Tensorflow – “Wide” tutorial

I have not visited Tensorflow for quite a while and recently had a use case where I need to do some classification and want to give deep learning a whirl. I am surprised to find the number of tutorials/examples that have been added in the past few month. Today, I am going to give the “Tensorflow Linear Model Tutorial” an overhaul and carefully study the functions that have been used in this tutorial.

The use case has been well explained at the beginning of the tutorial but the sample code, for example, the input_fn is a bit daunting for the people, at least me, at a first glance. Here is a list of study notes that I have taken regarding each of the functions that have been used in input_fn.

tf.gfile(.Exists)

Within the module of tf.gfile, there are so many utility functions not only limited to Exists, for example, Copy, Remove, ..etc. In this way, you can do everything using tensorflow without having to dabble with the os.path library and others, which might be a good option for developers who prefer minimizing the amount of dependent libraries in his/her code.

I have created a Jupyter notebook where demonstrate some of the functionalities using the gfile. Hopefully the code and message can give you a more intuitive feeling of how to use those functions.

Parse_CSV

Screen Shot 2017-12-29 at 2.55.09 PM

tf.decode_csv

The parse_csv function actually too me a while to understand. The input to this function has the variable name “value”. And then it got used to be the input to the function tensorflow.decode_csv. The one liner description for decode_csv is as followed:

Convert CSV records to tensors. Each column maps to one tensor.

And the record_defaults argument is definitely something you need to know if you got so spoiled by calling pd.read_csv a lot.

record_defaults: A list of Tensor objects with types from: float32int32int64string. One tensor per column of the input record, with either a scalar default value for that column or empty if the column is required.

For example, this is how a record_defaults could look like, in the example that we are looking at:

_CSV_COLUMN_DEFAULTS = [[0], [”], [0], [”], [0], [”], [”], [”], [”], [”], [0], [0], [0], [”], [”]]

You can tell we have 15 elements in this list, and the first element is a list which has only one element 0, the second element is also a list that has only one element which is an empty string, so on and so forth. The value provided here is basically saying, for the first column of the CSV file, if there need to use a default value, like missing values, use 0 as the default. You can find the raw dataset from here. By reading the adult.names file, you can tell the first column of the data is the field “age”, which is a numeric field which has values like 21, 50, etc. In this case, using 0 as a default value for numeric field makes perfect sense. The second column is “workclass” with values like “self-employed”, ..etc that an empty string is a legit default value for strings/categorical variables.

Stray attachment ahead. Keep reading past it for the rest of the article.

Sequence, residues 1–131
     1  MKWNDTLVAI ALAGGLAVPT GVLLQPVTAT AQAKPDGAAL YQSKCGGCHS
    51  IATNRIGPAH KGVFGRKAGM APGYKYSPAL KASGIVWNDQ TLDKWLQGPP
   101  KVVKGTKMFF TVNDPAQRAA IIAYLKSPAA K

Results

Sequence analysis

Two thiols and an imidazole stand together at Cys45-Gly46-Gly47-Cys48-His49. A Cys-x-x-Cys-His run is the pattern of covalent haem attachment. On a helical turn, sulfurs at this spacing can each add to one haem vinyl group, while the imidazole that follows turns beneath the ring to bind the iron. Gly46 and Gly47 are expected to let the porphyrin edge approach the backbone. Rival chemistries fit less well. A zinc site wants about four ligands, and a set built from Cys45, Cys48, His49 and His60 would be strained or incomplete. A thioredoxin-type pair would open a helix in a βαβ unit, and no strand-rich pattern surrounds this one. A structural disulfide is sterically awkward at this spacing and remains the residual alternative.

Here is another example from tensorflow source code using the decode_csv function. You can find the dataset used in the example by visiting here and the records_default is now defined as:

defaults = collections.OrderedDict([
    ("symboling", [0]),
    ("normalized-losses", [0.0]),
    ("make", [""]),
    ...
    ("price", [0.0])
])
types = collections.OrderedDict((key, type(value[0]))
                                for key, value in defaults.items())

#types = OrderedDict([
#    ('symboling', <class 'int'>), 
#    ('normalized-losses', <class 'float'>), 
#    ('make', <class 'str'>),
#    ...    
#    ('price', <class 'float'>)
#])

As you can see, now the record_defaults argument is list(defaults.values()) which is basically the same as the previous example [[0], [0.0], [”], …, [0.0]]. The second example is very helpful because it shows you how to use an ordered list to manage the column types and column names so you can reuse it again and again after manually creating it once.

Screen Shot 2017-12-29 at 3.33.25 PM

The example above perfectly demonstrated how to use decode_csv in a minimal fashion. Since I am using tensorflow.interactive_session, I can simply call .eval() operation on any tensor object to print out for debugging purpose.

Features Dictionary

I want to briefly discuss how the features variable got generated. Clearly, it is a dictionary and the fascinating part is not only how it is constructed, but also how to exclude the labels(y) field.

The zip function is quite a useful function that many people underutilize. The following few lines of code not only demonstrated how to use zip, but also showed you how it is different from Python 2.7 and also how to construct a dict.

Screen Shot 2017-12-29 at 3.49.59 PM

After all of that, here is an example that might captured everything that you need to know about parse_csv but in a more complete context.

Screen Shot 2017-12-29 at 3.59.44 PM

 

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